Hunting is serious business, and it can be dangerous. The tables can quickly turn -- one bite from a rodent fighting for its life can maim and incapacitate the little hunter. Painful bites slow down cats, making them easy prey for larger predators. Additionally, bites can become infected, compromising the kitty. Another challenge is that cats' vision is limited when closing in on the victims (they are long-sighted). Although cat whiskers can help make up where eyesight fails, they do not up the odds enough to guarantee an injury-free hunt. Whiskers, with their own nerves and blood supply, are like little fingers, guiding cats where to place the kill bite.

One theory about why cats toss and swat their prey involves safety. They do not want to risk life and limb for a meal. An effective way of dispatching victims evolved that increases cats' odds of surviving the hunting game. To observers it looks like cats are cruelly playing with their prey.

They are not. Animals that are tired and worn out have slower reflexes than those who are full of energy. Tossing and batting the prey around wears them out and slows them down, lessening the possibility that the little hunter will be bitten. Although felines do not purposely torment their victims, they are increasing the odds they will have a successful, injury-free hunt.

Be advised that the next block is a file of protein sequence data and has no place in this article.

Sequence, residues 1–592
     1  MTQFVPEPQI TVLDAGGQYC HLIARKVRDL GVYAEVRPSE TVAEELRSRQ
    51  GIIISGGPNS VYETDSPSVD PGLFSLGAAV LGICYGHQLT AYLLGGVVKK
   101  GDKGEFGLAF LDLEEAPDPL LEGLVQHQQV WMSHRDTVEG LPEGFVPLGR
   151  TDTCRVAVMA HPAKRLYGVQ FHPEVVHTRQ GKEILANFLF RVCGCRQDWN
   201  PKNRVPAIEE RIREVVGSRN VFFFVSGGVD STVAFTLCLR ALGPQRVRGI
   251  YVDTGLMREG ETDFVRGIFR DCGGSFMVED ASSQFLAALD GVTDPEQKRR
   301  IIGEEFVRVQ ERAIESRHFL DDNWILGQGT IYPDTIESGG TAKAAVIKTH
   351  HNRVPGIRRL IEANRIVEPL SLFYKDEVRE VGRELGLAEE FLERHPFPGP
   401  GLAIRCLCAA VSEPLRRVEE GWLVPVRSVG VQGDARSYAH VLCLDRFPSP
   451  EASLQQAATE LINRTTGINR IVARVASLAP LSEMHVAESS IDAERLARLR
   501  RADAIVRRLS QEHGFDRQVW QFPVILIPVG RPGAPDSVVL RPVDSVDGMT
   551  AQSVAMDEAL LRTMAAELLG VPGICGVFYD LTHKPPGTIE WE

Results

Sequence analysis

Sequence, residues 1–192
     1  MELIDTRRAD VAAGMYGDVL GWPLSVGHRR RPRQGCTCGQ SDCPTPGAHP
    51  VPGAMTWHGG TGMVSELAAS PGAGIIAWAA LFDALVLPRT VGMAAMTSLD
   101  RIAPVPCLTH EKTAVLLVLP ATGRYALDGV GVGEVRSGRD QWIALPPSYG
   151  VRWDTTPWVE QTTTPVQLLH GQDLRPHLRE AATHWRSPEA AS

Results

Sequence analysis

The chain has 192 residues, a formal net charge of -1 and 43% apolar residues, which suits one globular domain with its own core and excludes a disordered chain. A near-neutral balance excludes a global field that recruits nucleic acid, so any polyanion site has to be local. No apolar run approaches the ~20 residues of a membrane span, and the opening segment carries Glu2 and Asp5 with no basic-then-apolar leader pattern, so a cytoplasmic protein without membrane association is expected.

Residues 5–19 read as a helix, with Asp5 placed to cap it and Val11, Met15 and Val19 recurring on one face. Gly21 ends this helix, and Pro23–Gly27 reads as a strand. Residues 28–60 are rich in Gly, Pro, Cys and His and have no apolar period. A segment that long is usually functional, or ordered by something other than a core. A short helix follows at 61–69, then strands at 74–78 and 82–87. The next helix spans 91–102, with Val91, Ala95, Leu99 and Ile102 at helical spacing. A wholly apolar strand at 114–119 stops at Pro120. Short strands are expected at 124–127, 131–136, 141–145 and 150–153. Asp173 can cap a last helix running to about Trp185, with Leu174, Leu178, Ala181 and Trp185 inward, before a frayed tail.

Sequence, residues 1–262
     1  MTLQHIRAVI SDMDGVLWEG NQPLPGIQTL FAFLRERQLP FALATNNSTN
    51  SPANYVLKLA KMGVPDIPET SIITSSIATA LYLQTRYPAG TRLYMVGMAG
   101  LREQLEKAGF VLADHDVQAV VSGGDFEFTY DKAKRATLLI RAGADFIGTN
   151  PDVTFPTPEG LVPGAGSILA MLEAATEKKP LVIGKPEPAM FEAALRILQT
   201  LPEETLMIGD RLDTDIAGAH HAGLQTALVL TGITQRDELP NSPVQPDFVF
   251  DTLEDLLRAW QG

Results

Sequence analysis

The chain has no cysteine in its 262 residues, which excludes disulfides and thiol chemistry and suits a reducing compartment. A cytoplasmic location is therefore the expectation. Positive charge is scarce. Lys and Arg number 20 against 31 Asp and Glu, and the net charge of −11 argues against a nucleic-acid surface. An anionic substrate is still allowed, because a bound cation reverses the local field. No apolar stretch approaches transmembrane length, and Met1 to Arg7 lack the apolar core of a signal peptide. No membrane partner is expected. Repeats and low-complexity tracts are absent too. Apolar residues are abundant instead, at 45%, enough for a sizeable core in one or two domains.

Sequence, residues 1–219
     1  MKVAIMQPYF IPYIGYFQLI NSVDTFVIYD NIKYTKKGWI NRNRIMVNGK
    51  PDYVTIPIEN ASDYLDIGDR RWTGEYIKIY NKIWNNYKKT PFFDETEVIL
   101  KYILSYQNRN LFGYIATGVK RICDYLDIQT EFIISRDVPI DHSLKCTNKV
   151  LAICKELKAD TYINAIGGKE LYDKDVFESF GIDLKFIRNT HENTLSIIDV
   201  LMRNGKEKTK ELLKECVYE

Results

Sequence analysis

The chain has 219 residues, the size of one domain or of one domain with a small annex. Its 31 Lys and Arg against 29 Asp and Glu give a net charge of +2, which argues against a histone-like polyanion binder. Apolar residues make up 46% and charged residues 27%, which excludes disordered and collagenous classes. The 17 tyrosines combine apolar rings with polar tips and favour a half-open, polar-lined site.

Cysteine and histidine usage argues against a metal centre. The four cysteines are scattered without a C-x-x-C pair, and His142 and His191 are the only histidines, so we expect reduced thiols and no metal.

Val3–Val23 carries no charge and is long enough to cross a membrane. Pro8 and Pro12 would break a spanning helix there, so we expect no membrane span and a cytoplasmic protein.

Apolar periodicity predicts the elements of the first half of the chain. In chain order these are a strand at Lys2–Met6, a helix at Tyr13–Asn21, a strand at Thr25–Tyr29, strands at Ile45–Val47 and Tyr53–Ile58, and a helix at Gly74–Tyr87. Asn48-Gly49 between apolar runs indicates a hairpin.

Another theory focuses on biology. When cats catch their prey, they are pumped full of adrenaline that takes time to dissipate. Adrenaline can impair judgment, increasing the risk of misplacing the kill bite. Batting and tossing the newly caught prey helps the little hunter come down from the adrenaline rush.

Of course, none of this matters to the unfortunate victim.

Cat catching a mouse by Shutterstock.

2. It's good to show the cat who's boss by scruffing and hissing at her

Bad advice: Stop a cat from doing bad behaviors by showing her you are in charge. Discipline her by either scruffing her and holding her down on the floor or by hissing at her. This advice is frequently given by “experienced” cat owners, rescue groups and some professionals who should know better. They insist that these methods will stop aggressive behavior, chasing, vocalizing, counter surfing as well as myriad other unwanted behaviors. The main argument they use to support these methods is: Mamma cats discipline their kittens by scruffing and hissing.